четвер, 8 серпня 2019 р.

Theodoros Chiotis - Physics of surfaces

Theodoros Chiotis is a poet and literary theorist. Amongst his publications are Futures: Poetry of the Greek Crisis (Penned in the Margins, 2015), Screen (in collaboration with photographer Nikolas Ventourakis; Paper Tigers Books, 2017) and limit.less: towards an assembly of the sick (Litmus, 2017). His work has appeared in journals and anthologies in Greece, the UK, the US, Australia, New Zealand, Sweden, Germany, Turkey, Poland and Croatia. He has translated contemporary British and American poets into Greek and Aristophanes into English. He is a member of the editorial board of the Greek literary magazine [φρμκ] and contributing editor  for Hotel magazine. His project Mutualised Archives, an ongoing performative interdisciplinary work unfolding throughout the whole of 2017, received the Dot Award by the Institute for the Future of Book and Bournemouth University and will be published in 2018; he has also been awarded a High Commendation from the Forward Prizes for Poetry.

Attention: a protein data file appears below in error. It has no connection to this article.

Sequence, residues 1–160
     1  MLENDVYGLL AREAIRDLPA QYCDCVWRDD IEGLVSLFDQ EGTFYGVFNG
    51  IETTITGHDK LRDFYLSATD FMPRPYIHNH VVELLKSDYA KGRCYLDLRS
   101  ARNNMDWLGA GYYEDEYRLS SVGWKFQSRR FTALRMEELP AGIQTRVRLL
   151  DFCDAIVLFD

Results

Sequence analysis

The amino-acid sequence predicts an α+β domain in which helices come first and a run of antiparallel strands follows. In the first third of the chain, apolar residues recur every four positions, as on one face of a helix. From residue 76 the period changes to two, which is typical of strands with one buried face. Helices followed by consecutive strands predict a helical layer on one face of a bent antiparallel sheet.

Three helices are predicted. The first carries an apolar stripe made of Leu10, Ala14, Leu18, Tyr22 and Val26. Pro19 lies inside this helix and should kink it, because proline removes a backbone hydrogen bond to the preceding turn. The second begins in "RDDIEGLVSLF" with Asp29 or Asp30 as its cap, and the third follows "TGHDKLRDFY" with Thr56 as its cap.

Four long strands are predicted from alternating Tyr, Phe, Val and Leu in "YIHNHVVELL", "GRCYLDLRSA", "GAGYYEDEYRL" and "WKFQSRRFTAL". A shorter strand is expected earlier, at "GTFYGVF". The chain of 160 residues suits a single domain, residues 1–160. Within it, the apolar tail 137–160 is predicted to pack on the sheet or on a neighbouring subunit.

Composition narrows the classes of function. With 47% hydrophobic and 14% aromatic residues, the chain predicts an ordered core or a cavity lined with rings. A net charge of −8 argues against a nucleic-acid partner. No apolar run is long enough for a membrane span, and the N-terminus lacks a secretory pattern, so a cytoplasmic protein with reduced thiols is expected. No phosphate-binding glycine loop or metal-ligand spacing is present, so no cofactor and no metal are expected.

***

Physics of surfaces I:  Practice makes perfect


you can hear the paint 
 being stripped off the walls
    the tips of the nails scratching at the boundaries: 
          the unexpected haunting of the
 neuro
                 logical system;
still 
     desire leers at you 
  despite repeated attempts to analyse 
family genes and environmental factors 
 as if it were a simple matter of finding 
   two adjoining rooms with windows 
      overlooking the lake. 

The residual evidence 
         of possibility 
                a series of images of the unwanted 
dead 
               on a spatter dash 
immune 
               to temporal friction.
   

***
Physics of surfaces II: Life on Mars
And, certes, the text most infallibly concludes it.
(William Shakespeare, Love’s Labour’s Lost, 4.2.143)
I.

The eye pores over 
         the bodies shored up by the tide 
in an attempt to recalculate the possibility of taking
         liberties with 
the script;
         this will be a Palm Sunday tradition: 
the scattering of flowers 
          with dragon mouths 
opening 
          and snapping shut
without ever uttering a word.
Flebimus super illos.
          Is all this empty
clothing worthy of
          storage?

II.

         The I now splayed 
outside its own text 
         (or in the depths of other texts)
is carried away by currents 
         flowing without reason:
police interrogations
        are by default

 incomplete.

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